Few works of fiction will grab readers’ attention as well as Jager’s (The Last Duel: A True Story of Crime, Scandal, and Trial by Combat in Medieval France, 2004) riveting story of a 1407 murder mystery that split the royal family of France.
When Louis of Orleans, brother and frequent regent of King Charles VI, was brutally murdered in a Paris street, the provost of Paris, Guillaume de Tignonville was under pressure to solve the crime quickly. He had just overseen the execution of two murderers, whose claim to the right of “clergy” would eventually come back to haunt him. Jager shares his extensive knowledge of medieval Paris, employing entertainingly meticulous descriptions throughout the book. The Châtelet, once a fortress, then a prison, morgue and police headquarters, was a vast building to be avoided at all costs, not unlike today’s train stations. Montfaucon was a three-story gibbet capable of hanging 60 at a time, and bodies were left to putrefy and feed the crows and ravens. The author’s portrayals of the perpetual stench and body parts will surely give readers shivers. De Tignonville’s investigative techniques were exhaustive, and his discovery of the man behind the murder within days was spot-on. Accusing the suspect proved to be much more difficult, as he turned the accusation into a validation. Louis of Orleans was a broadly despised man, particularly by those men he had cuckolded (which were many), and he used his power as his schizophrenic brother’s regent to impose impossible taxes. The murderer’s justification for his dastardly deed was, as a leading scholar proclaimed, “one of the most insolent pieces of political chicanery and theological casuistry in all history.”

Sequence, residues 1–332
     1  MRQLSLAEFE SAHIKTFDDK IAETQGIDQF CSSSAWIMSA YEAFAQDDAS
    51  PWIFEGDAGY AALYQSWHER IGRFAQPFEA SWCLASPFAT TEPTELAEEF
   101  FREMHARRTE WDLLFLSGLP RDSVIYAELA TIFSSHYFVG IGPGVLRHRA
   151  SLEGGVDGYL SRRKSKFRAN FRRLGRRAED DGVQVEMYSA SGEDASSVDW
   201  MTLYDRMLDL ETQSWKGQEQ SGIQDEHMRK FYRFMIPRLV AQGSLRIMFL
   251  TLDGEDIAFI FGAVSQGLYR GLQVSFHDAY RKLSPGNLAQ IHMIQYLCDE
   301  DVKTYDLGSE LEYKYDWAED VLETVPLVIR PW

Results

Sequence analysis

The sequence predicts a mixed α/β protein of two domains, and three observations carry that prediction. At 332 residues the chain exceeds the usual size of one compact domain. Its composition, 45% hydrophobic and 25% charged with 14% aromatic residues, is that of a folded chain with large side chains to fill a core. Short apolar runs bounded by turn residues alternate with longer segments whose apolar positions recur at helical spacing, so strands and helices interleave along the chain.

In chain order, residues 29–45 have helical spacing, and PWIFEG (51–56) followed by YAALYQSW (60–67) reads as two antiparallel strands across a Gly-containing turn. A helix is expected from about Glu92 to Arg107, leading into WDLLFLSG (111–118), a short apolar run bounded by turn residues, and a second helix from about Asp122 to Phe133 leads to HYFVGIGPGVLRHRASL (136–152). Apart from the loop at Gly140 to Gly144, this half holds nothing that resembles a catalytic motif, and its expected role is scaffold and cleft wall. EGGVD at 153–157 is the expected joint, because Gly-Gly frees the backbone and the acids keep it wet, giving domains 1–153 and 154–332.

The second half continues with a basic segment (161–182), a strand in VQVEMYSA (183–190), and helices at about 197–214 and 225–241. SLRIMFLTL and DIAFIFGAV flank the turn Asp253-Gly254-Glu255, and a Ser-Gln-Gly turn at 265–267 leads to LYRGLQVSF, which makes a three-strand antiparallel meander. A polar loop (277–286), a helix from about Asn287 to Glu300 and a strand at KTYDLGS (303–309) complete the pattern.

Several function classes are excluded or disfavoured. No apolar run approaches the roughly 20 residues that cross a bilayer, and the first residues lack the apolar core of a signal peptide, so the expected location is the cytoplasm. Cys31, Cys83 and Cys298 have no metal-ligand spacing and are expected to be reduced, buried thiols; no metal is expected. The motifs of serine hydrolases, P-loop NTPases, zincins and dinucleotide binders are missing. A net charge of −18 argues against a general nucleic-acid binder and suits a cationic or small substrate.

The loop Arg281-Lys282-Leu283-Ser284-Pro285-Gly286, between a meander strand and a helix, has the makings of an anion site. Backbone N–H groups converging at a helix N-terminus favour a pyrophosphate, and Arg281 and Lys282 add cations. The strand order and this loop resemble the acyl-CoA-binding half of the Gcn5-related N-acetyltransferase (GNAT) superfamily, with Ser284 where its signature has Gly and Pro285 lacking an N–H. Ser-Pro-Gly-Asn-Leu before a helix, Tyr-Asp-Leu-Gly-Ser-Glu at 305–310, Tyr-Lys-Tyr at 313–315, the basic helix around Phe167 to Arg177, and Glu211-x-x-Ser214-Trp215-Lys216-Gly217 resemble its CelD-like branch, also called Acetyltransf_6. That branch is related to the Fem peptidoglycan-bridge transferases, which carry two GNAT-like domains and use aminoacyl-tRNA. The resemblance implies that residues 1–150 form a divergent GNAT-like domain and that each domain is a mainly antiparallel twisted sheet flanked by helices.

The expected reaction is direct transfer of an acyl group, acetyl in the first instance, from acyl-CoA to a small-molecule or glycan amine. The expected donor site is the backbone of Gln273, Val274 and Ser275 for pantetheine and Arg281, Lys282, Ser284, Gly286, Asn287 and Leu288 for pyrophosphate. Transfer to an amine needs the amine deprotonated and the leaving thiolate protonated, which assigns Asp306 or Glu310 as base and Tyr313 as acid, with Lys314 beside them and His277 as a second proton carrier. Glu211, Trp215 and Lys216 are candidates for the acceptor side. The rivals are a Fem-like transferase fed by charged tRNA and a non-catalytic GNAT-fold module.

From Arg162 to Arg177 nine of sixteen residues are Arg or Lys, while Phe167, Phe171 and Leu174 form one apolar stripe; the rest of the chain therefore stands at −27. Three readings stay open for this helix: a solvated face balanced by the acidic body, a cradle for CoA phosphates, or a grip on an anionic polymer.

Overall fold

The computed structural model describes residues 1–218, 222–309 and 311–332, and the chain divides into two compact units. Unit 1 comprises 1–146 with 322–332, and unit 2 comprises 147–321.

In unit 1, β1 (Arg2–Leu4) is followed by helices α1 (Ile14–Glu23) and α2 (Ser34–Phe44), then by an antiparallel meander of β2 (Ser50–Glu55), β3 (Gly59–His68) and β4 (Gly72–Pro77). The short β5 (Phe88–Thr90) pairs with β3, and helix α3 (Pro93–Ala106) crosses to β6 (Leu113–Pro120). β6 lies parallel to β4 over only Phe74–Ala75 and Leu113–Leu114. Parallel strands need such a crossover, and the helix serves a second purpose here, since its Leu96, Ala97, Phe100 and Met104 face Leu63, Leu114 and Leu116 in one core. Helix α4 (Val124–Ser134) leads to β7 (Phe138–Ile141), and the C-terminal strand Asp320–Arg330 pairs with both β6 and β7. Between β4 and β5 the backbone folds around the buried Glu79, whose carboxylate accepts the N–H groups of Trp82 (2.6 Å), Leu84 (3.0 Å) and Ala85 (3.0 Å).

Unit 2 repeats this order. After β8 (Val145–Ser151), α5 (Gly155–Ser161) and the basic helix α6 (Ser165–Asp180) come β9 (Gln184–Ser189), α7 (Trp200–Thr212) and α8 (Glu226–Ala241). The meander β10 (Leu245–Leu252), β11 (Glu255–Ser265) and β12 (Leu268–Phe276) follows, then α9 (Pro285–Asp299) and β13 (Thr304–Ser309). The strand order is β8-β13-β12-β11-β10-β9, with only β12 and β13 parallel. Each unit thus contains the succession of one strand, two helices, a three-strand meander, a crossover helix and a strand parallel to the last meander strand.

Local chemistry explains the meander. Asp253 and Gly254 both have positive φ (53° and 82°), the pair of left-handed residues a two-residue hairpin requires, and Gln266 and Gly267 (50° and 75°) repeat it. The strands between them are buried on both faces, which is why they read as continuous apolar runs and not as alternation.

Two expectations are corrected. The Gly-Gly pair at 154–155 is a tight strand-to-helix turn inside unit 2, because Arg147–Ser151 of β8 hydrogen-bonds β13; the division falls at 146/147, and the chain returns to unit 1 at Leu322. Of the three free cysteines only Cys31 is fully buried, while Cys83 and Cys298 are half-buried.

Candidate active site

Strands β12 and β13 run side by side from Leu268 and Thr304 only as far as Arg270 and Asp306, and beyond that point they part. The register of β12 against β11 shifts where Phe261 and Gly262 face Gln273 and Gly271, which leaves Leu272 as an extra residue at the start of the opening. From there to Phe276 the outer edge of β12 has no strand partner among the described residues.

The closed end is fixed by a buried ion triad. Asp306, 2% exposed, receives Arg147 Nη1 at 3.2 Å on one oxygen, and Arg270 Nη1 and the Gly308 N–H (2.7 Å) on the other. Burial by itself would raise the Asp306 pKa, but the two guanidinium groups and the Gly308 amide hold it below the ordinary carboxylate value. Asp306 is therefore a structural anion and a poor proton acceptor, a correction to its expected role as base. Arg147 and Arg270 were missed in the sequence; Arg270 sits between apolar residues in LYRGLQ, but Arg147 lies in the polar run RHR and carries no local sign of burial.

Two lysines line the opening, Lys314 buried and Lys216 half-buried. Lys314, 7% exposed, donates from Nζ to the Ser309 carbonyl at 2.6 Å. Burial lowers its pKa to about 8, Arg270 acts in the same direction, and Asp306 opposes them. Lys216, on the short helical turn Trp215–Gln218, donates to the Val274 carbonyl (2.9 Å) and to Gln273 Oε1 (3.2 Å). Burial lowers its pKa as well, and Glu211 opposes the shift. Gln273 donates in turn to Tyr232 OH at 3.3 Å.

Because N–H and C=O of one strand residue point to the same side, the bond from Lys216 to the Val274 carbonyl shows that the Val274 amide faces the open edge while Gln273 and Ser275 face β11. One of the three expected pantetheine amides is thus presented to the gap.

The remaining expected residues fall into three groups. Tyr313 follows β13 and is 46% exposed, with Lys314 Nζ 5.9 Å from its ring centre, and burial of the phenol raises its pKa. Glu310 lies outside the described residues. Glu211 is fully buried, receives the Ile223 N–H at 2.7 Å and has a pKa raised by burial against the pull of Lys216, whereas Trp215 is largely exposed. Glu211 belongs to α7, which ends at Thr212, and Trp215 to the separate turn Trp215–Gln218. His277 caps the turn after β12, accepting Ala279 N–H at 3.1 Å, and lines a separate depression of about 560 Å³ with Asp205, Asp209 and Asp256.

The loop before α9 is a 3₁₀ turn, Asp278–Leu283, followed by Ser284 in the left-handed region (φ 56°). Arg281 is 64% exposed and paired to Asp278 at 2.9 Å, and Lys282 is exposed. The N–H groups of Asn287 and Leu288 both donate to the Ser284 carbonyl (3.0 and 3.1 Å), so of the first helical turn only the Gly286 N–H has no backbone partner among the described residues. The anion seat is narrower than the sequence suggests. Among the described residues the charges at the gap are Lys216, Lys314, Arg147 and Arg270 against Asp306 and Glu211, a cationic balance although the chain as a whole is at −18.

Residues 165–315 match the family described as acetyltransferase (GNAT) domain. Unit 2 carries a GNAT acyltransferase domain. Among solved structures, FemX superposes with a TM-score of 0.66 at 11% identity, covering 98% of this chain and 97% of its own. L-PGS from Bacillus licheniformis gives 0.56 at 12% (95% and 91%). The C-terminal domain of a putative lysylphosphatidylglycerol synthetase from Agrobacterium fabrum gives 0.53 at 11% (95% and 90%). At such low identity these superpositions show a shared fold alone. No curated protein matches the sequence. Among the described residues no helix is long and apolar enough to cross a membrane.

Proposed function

An impressive combination of mystery, crime story, and social and political history.